Black News and News Makers in History: Sy Oliver

African American news from Pasadena - Black News and News Makers in History recognizes Melvin "Sy" Oliver this week in Black history.Born on December 17, 1910, Melvin James” Sy” Oliver was from Battle Creek, Michigan. Both of his parents were music teachers in Ohio, where he grew up. He played the trumpet as a boy and at the age of 17 took a job with Zack Whyte and his Chocolate Beau Brummels.  There he began to hone his arranging skills.  He then moved to Cincinnati, continuing his arranging and playing with the Alphonso Trent band.

He joined the Jimmie Lunceford Orchestra in 1933 and within six years, his compositions and arrangements made the orchestra one of the most successful and individual big bands of the swing era as it toured.  He established a reputation for innovative arranging characterized by imaginative instrumentation and a full-bodied sound.  The orchestra became known for its precision playing, high powered, novelty numbers, slick showmanship and razor sharp swing.  Oliver also developed a distinctive “growl” sound, in his own playing as one of Lunceford’s main trumpet soloists.  Among the orchestra’s repertoire, are such Oliver compositions as ''For Dancers Only,'' ''Dream of You,'' ''Organ Grinder Swing,'' ''Stomp It Off'' and '' 'Tain't What You Do.''   Not only did they help define the orchestra, they remain some of jazz's finest arrangements and compositions.

In 1939, he joined the Tommy Dorsey Orchestra as a singer and arranger.  There his arrangements included “Opus One'' and ''Easy Does It.''  He led a band while in the Army during World War II between 1943 and 1945.  He also hosted a radio show, “Endorsed by Dorsey” which featured his own band.  He returned to Dorsey’s orchestra after the war.

From the late 1940s to the early 1970s Oliver held a variety of jobs, including a decade as musical director of Decca Records.  He recorded several albums, including a tribute to the Lunceford band, and wrote scores for several television shows. He continued to compose, arrange and, occasionally, to perform.  In 1942, his first major screen credit with his arrangement of the score for the musical comedy, “Ship Ahoy,” a film featuring Tommy Dorsey and his Orchestra.  He worked on Woody Allen’s “Radio Days” as well.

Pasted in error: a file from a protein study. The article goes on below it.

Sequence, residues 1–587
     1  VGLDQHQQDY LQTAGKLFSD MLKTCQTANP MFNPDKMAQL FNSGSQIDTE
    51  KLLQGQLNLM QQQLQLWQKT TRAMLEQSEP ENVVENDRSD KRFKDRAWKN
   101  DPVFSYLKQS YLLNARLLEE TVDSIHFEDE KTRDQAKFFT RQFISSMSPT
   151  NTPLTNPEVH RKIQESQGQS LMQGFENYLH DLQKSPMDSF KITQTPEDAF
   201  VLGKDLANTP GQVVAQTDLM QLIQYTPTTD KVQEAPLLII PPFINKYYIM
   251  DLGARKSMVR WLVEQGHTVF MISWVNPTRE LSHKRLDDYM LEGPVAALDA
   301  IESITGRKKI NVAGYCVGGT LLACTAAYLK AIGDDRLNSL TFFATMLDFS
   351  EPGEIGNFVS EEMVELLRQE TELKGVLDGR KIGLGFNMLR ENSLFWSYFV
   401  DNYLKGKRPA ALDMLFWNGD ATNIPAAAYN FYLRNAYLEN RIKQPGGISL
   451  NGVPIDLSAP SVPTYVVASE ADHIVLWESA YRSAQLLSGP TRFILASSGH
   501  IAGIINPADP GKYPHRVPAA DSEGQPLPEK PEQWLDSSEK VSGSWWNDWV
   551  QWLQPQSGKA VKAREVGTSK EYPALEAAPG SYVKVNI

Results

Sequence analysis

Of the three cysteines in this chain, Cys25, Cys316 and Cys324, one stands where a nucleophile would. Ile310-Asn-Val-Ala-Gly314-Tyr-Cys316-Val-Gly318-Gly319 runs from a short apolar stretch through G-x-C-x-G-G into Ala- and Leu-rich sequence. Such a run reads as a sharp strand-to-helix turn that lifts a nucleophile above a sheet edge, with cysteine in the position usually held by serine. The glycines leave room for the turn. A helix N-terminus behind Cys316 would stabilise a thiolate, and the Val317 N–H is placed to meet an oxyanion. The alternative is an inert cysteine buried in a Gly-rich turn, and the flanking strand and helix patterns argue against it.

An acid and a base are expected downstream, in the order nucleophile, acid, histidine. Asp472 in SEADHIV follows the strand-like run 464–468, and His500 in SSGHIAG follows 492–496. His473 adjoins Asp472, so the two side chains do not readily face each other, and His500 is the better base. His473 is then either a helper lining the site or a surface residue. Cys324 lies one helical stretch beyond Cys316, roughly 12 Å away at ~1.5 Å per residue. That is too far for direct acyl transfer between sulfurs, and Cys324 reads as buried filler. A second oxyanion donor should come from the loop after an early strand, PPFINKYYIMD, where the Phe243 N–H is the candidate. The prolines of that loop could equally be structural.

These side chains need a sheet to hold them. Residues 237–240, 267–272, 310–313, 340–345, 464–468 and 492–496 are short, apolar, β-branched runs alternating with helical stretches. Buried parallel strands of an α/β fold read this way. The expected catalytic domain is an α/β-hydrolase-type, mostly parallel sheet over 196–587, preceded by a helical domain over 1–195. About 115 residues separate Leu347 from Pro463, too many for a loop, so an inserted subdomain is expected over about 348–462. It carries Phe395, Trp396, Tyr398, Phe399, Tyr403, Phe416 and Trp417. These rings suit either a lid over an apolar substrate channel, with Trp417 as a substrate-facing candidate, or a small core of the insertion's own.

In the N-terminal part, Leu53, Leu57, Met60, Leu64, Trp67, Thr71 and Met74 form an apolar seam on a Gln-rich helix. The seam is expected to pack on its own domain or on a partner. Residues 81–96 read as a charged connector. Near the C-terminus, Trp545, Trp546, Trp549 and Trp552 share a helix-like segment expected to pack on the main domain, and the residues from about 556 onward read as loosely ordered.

In the early 1970s, he formed a nine-piece orchestra that continued to perform until 1984. n The orchestra featured clarinetist Barney Bigard, pianist Cliff Smalls and tenor saxophonist Arnett Cobb.  They played the St. Regis-Sheraton, Rainbow Grill and other clubs.

In 1974, he and the group moved into the Rainbow Room, where they stayed until 1984, with occasional breaks for performances at jazz festivals and at Roseland in New York. He was also one of four musical directors of the New York Jazz Repertory Orchestra, which was dedicated to keeping jazz masterworks alive in a repertory setting. In 1984, Sy Oliver retired to spend time with his family.

Sy Oliver died May 28, 1988 in New York City.

One of America's great jazz composers and arrangers of the big band era, and a musician who had a significant impact on American popular music playing trumpet.

From www.anothershadeofcolor.com, http://www.answers.com/topic/sy-oliver, and http://www.allaboutjazz.com/php/musician.php?id=9969.


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